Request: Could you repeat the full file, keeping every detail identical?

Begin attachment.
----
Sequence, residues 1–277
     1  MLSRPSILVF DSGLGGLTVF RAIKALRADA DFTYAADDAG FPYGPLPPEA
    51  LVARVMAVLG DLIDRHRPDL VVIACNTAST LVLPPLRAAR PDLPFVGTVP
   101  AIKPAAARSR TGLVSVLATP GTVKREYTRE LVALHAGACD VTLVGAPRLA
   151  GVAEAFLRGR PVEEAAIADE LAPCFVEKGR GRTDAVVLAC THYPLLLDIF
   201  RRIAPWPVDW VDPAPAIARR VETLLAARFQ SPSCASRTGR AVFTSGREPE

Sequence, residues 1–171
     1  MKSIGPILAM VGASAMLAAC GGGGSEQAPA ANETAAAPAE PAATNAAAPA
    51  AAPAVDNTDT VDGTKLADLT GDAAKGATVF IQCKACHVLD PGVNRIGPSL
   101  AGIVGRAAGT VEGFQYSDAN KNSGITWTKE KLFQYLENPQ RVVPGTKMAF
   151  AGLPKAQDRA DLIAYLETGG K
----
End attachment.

Sequence, residues 1–277
     1  MLSRPSILVF DSGLGGLTVF RAIKALRADA DFTYAADDAG FPYGPLPPEA
    51  LVARVMAVLG DLIDRHRPDL VVIACNTAST LVLPPLRAAR PDLPFVGTVP
   101  AIKPAAARSR TGLVSVLATP GTVKREYTRE LVALHAGACD VTLVGAPRLA
   151  GVAEAFLRGR PVEEAAIADE LAPCFVEKGR GRTDAVVLAC THYPLLLDIF
   201  RRIAPWPVDW VDPAPAIARR VETLLAARFQ SPSCASRTGR AVFTSGREPE

Sequence, residues 1–171
     1  MKSIGPILAM VGASAMLAAC GGGGSEQAPA ANETAAAPAE PAATNAAAPA
    51  AAPAVDNTDT VDGTKLADLT GDAAKGATVF IQCKACHVLD PGVNRIGPSL
   101  AGIVGRAAGT VEGFQYSDAN KNSGITWTKE KLFQYLENPQ RVVPGTKMAF
   151  AGLPKAQDRA DLIAYLETGG K